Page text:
By Kevin Flanagan
BSD Bruins Correspondent
Well, that was underwhelming, but certainly not unexpected. Only the most dyed in the wool black and gold believers actually thought that general manager Peter Chiarelli would make an impact move at the deadline, something he hasn’t actually made a habit of since he took over as the guy calling the shots for the Bruins regarding personnel in May of 2006.
Peter the Patient once again watched as the most prized possessions at the trading deadline – in the case of the Bruins, that being right shot/right wing and a depth defenseman – were picked off the board, deeming the prices too high, even for a desperate GM. Instead, the B’s boss sent two second round draft picks (Their own, not the ones they got when PC vastly undersold Johnny Boychuk to the New York Islanders in October for two second rounders.) for the former number 6 overall draft pick in 2010, Brett Connolly, from division rival the Tampa Bay Lightning.
Look, I won’t lie, I couldn’t pick Connolly out of a line up if he was in it alone, and it is anybody’s best guess as to what he will be. He was called “At his best: A hydrid of: Tomas Vanek, Peter Forsberg, Patrick Marleau” by The Hockey Writers in their draft preview nearly five years ago. However, since he never really hit his stride with the Lightning, some scouts have called him the next Benoit Pouliot, who was selected 4th overall by the Minnesota Wild in 2005, and has more than earned the term journeyman, bouncing around the league to the tune of six teams, including the Bruins in 2011-12.
In what amounts to an afterthought deal, Chiarelli also added veteran Max Talbot from Colorado in exchange for the enigma that is Jordan Caron. In doing so, he also added to the salary cap struggle the team faces going forward as Talbot is signed for next year at a $1.75 million cap hit, as opposed to Caron becoming a free agent at the end of the year and coming off the books.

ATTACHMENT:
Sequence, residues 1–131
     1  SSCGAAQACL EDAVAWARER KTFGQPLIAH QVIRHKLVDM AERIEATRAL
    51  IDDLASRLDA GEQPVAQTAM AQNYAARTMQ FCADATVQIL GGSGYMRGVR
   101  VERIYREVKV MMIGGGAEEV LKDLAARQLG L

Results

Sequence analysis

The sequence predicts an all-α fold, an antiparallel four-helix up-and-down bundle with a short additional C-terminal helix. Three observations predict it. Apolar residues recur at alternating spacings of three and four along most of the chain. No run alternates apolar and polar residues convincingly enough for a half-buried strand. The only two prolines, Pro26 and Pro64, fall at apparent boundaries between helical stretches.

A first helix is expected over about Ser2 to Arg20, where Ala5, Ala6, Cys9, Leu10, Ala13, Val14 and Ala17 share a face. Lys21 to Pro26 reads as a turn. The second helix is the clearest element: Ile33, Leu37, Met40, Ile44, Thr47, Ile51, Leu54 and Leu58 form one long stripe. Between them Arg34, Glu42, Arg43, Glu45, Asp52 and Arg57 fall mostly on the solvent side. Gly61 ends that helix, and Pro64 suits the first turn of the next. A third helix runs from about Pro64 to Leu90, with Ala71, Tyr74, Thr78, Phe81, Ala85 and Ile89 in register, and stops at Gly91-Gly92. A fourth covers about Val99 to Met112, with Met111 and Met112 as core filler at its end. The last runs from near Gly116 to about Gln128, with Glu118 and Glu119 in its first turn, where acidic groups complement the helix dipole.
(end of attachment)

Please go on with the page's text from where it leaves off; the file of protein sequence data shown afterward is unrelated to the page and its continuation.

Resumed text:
So I guess it is safe to say that the promised “series of two or three steps throughout the course of the year” that Chiarelli spoke of after he sent Boychuk packing simply wasn’t meant to be, at least at the hand of the man that guides the not so steady Bruins ship. And any thoughts of the Bruins getting aggressive and making a core altering deal went the way of forward Craig Cunningham, who the Bruins put on waivers for a deal that never happened, and ended up losing him for no return when he was claimed by the Arizona Coyotes earlier in the day.
By the way, if you are counting, that is the second player the Peter the Patient has given away for nothing on the waiver wire this year. The first was Matt Fraser, who the Edmonton Oilers claimed just prior to the first of the year. Fraser, of course, was part of the Tyler Seguin deal to the Dallas Stars, a deal that looks worse with each passing day. But I digress.
Once again, at his press conference following the trade deadline, Chiarelli spoke about the difficulties of getting a deal done throughout the year, not just up against the clock as the time to make a trade approached. Despite the number of deals that were done in the weeks leading up to the deadline by other general managers throughout the league, somehow the B’s GM could find one that was right for his struggling hockey club.
This just in, as my dearly departed mother would say, if the job was easy, everyone would do it. Chiarelli complained of the high prices that were being asked for players saying, “What used to get done with a fifth (round pick), now takes a second. And I don’t know why.” Um, well, that’s obvious. That is why Isles GM Garth Snow was laughing all the way to the dump in Uniondale when he fleeced you for Boychuk prior to the season.
I am pretty certain any other GM in the league without the initials “PC” in his name would have held on to the burly backliner, if only to reap the rewards of an overspending free for all by dealing him at the deadline. I guess that “rebuilding” of the fourth line that he spoke about following the end of last season, and has been sooo successful thus far this year, wouldn’t have been possible without the likes of Gregory Campbell, Daniel Paille, and Chris Kelly and their nearly $6 million in salary hanging around the team’s neck.
So now the Bruins find themselves in a very unenviable situation. They have to find a way to get a deal done for restricted free agent and future leader of the defense, Dougie Hamilton, this summer, as well as unrestricted free agent Carl Soderberg, while rebuilding on the fly with what the league perceives as a lame duck general manager. To add insult to injury, their stockpile of talent on the farm is not exactly immense and is the main reason the team is where they are today.
Time will tell whether the Bruins actually got better by adding the likes of Connolly and Talbot today, but one thing is sure. Team president Cam Neely and ownership need to decide what direction they want their team to take this off-season, and whether their patience for Peter has finally run out.
Follow on Twitter @KevinMFlanagan.